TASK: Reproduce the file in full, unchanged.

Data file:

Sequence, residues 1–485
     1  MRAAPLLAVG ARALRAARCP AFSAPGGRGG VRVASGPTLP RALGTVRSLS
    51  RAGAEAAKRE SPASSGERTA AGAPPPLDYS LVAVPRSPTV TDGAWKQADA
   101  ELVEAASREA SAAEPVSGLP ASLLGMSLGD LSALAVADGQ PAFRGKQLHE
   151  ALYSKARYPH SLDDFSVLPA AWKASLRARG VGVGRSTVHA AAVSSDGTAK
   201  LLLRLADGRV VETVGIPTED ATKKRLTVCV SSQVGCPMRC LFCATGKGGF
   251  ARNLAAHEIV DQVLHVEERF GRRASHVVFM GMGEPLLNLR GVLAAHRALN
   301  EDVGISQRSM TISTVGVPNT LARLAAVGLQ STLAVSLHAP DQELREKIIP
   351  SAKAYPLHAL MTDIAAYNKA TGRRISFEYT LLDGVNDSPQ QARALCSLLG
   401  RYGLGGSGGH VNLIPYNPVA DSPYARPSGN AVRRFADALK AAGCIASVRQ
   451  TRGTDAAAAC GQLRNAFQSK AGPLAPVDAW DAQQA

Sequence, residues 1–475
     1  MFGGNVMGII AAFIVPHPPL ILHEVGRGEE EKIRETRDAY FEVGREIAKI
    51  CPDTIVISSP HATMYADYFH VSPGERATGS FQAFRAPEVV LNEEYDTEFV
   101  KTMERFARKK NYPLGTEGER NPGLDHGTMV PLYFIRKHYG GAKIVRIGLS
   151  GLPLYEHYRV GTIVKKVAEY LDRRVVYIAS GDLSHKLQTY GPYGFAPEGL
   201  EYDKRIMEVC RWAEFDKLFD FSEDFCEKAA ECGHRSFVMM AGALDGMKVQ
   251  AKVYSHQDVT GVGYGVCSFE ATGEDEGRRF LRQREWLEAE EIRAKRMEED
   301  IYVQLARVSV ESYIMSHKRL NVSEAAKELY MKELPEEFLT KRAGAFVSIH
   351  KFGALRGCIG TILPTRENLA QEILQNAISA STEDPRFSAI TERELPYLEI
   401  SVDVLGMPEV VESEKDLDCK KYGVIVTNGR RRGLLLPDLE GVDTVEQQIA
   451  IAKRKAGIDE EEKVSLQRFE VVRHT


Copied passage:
Sequence, residues 1–485
     1  MRAAPLLAVG ARALRAARCP AFSAPGGRGG VRVASGPTLP RALGTVRSLS
    51  RAGAEAAKRE SPASSGERTA AGAPPPLDYS LVAVPRSPTV TDGAWKQADA
   101  ELVEAASREA SAAEPVSGLP ASLLGMSLGD LSALAVADGQ PAFRGKQLHE
   151  ALYSKARYPH SLDDFSVLPA AWKASLRARG VGVGRSTVHA AAVSSDGTAK
   201  LLLRLADGRV VETVGIPTED ATKKRLTVCV SSQVGCPMRC LFCATGKGGF
   251  ARNLAAHEIV DQVLHVEERF GRRASHVVFM GMGEPLLNLR GVLAAHRALN
   301  EDVGISQRSM TISTVGVPNT LARLAAVGLQ STLAVSLHAP DQELREKIIP
   351  SAKAYPLHAL MTDIAAYNKA TGRRISFEYT LLDGVNDSPQ QARALCSLLG
   401  RYGLGGSGGH VNLIPYNPVA DSPYARPSGN AVRRFADALK AAGCIASVRQ
   451  TRGTDAAAAC GQLRNAFQSK AGPLAPVDAW DAQQA

Sequence, residues 1–475
     1  MFGGNVMGII AAFIVPHPPL ILHEVGRGEE EKIRETRDAY FEVGREIAKI
    51  CPDTIVISSP HATMYADYFH VSPGERATGS FQAFRAPEVV LNEEYDTEFV
   101  KTMERFARKK NYPLGTEGER NPGLDHGTMV PLYFIRKHYG GAKIVRIGLS
   151  GLPLYEHYRV GTIVKKVAEY LDRRVVYIAS GDLSHKLQTY GPYGFAPEGL
   201  EYDKRIMEVC RWAEFDKLFD FSEDFCEKAA ECGHRSFVMM AGALDGMKVQ
   251  AKVYSHQDVT GVGYGVCSFE ATGEDEGRRF LRQREWLEAE EIRAKRMEED
   301  IYVQLARVSV ESYIMSHKRL NVSEAAKELY MKELPEEFLT KRAGAFVSIH
   351  KFGALRGCIG TILPTRENLA QEILQNAISA STEDPRFSAI TERELPYLEI
   401  SVDVLGMPEV VESEKDLDCK KYGVIVTNGR RRGLLLPDLE GVDTVEQQIA
   451  IAKRKAGIDE EEKVSLQRFE VVRHT